20. The last person she wanted to run into at that moment was the first one who'd actually gotten to know her at all, so of course, that's the way it happened. Cursing her luck even as she saw the look of surprise on Curtis's face, Caitlin just shook her head violently, sending her hair whipping around her face in a storm of blazing copper. ,, "I'm fine," she mumbled curtly as she stormed past, waving him off as Glacia returned to the office to avoid dragging the situation out any further. Her father had always teased her about getting her temper from him, but she was pretty sure this went way beyond normal teenage grumpiness. And so what if it did? There was a part of her, the part that secretly frightened her, that reveled in this feeling. Despite how angry she was, there was still a little frisson of excitement that raced up her spine when she thought about the fight with the mutant that had almost killed her. No matter how good her life had been, or how bad anyone else's was, she doubted anyone else got their kicks hurting people, and she wasn't quite so far gone that she really believed that was a good thing. ,, "Screw 'em," she muttered under her breath as hot tears streamed down her reddened cheeks.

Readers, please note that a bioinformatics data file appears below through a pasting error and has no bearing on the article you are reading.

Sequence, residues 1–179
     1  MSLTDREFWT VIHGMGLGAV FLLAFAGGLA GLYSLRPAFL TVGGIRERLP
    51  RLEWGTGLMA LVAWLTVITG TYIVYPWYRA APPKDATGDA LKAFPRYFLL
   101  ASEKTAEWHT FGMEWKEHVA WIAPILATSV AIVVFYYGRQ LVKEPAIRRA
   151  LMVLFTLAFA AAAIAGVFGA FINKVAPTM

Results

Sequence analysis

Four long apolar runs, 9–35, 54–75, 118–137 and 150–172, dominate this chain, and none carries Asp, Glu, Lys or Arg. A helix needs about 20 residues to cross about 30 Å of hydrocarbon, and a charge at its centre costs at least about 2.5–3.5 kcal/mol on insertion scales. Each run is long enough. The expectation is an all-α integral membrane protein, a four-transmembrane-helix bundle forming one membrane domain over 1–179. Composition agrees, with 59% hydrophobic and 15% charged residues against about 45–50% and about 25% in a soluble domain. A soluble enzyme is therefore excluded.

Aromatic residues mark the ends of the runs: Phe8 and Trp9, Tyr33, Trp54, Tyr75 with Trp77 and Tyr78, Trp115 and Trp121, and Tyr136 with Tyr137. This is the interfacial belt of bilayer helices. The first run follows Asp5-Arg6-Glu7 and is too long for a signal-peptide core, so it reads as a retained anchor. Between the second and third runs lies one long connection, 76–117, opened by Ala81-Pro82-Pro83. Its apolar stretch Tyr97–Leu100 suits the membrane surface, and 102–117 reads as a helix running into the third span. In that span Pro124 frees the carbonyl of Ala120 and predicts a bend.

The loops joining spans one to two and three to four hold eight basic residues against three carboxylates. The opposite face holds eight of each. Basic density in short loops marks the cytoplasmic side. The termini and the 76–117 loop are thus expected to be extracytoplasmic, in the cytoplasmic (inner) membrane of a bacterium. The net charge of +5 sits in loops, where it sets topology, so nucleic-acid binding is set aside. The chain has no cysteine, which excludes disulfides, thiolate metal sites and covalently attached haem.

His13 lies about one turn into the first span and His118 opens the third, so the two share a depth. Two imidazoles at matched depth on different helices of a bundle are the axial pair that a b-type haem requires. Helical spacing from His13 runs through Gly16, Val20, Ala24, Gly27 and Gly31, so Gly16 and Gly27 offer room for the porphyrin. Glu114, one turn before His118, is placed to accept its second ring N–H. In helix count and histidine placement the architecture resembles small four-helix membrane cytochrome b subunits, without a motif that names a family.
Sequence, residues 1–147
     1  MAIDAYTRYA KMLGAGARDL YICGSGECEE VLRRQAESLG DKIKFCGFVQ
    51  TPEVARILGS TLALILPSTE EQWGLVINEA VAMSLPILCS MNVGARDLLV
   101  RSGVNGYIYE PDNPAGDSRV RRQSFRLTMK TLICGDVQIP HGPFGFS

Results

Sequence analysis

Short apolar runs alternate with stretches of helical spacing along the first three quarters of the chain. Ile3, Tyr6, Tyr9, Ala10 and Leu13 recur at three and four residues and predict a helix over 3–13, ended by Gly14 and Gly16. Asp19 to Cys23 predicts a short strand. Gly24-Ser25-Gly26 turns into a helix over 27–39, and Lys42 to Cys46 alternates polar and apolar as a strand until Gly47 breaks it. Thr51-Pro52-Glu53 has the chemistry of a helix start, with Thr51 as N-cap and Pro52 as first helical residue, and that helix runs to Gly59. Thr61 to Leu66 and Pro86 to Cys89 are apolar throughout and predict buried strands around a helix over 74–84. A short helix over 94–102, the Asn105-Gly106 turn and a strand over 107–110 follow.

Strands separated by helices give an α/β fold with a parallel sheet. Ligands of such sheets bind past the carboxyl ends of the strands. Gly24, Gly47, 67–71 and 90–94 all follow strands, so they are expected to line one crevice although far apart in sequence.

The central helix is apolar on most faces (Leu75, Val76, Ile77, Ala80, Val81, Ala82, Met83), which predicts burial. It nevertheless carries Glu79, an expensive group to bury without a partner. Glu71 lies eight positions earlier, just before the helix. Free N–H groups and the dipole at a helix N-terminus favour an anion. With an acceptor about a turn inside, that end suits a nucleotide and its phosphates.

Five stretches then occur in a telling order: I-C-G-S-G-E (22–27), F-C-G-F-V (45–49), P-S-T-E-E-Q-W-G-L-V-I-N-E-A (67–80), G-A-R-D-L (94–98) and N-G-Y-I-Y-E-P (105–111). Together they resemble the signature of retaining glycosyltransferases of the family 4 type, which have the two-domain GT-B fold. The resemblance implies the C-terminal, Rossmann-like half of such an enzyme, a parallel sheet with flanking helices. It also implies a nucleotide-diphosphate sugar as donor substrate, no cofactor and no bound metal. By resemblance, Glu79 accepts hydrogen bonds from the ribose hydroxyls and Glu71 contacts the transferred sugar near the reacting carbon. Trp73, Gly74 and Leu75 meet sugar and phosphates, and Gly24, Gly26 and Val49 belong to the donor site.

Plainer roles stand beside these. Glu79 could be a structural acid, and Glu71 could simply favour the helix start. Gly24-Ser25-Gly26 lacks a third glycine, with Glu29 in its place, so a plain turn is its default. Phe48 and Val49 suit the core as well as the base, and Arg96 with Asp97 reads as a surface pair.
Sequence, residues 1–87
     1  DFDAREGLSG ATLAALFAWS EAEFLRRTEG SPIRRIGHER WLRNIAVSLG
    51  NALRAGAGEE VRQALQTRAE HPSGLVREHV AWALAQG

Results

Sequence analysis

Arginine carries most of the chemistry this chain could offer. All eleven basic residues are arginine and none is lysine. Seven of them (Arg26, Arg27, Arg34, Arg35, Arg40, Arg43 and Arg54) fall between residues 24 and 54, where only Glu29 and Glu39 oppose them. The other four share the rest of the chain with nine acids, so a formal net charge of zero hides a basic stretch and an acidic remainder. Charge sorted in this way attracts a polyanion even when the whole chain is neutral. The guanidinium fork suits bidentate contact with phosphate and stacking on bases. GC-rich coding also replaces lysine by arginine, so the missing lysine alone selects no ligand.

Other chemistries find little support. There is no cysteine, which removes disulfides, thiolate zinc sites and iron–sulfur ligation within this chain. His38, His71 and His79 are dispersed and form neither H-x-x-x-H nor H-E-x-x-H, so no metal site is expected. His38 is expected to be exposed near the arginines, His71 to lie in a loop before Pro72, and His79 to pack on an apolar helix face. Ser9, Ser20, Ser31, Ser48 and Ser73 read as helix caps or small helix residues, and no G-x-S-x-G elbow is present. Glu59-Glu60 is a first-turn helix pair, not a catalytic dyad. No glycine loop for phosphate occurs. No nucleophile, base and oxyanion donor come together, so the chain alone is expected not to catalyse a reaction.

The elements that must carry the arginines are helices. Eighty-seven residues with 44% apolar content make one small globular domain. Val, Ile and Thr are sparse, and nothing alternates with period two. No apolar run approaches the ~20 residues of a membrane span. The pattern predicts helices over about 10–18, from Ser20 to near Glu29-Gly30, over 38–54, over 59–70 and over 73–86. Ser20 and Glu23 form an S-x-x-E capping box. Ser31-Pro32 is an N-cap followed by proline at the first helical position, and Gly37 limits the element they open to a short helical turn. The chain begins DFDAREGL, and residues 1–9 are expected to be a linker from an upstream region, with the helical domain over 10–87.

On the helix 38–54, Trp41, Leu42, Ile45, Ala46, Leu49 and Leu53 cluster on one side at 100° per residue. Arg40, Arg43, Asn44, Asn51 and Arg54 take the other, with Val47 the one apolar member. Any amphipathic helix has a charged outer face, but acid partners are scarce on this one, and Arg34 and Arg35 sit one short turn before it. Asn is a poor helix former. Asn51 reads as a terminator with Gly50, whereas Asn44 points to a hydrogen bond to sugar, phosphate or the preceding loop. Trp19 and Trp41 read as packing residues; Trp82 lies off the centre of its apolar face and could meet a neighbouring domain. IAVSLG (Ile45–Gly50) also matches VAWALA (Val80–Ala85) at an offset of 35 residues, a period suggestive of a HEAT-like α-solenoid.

21. Caitlin was fuming by the time Sakurako tried to change the subject. Apparently, being "the new girl" meant you had nothing worthwhile to say, but the biggest jackass in school (according to what she'd heard) belted out some sob story and suddenly he was a bloody-fucking-kung-fu wise man? Not a single person had paid any attention, including the girl she'd been empathizing with, but this worthless bowsie opened his stupid mouth and they all just bobbed their big empty, too-pretty heads and just went along with it? Without realizing it, the redhead was growling, her cheeks flushed with suppressed fury as she crumpled the water bottle in her hand into a pathetic bit of clear plastic; the remaining water fountained out onto the floor. ,, "Y'know," she ground out tersely through clenched teeth, her whole body shaking with the effort she was putting forth to control herself as she interrupted. "Y'can have it. Keep yer 'special trainin' and yer remedial friends, yer little personal dramas, yer cliques, and yer bloody hero worship. 'd rather have someone gut me- Every. Bloody. Day.- after breakfast than deal with this. I'd rather sit in that feckin' room By. My. Self. for the rest of the feckin' year with those shite doctors tellin' me how much progress I've made 'cause I didn't break anything that day, an' maybe I could join the rest o' the students sometime soon without our dear administrators wonderin' if I'm gonna accidentally kill somebody." Turning to Drumm, she briefly tipped her head up in acknowledgement. "So let's just stick with that, yeah?" ,, Relatively confident she'd seriously hurt someone if she stood there any longer, Caitlin stalked, seething, out of the office.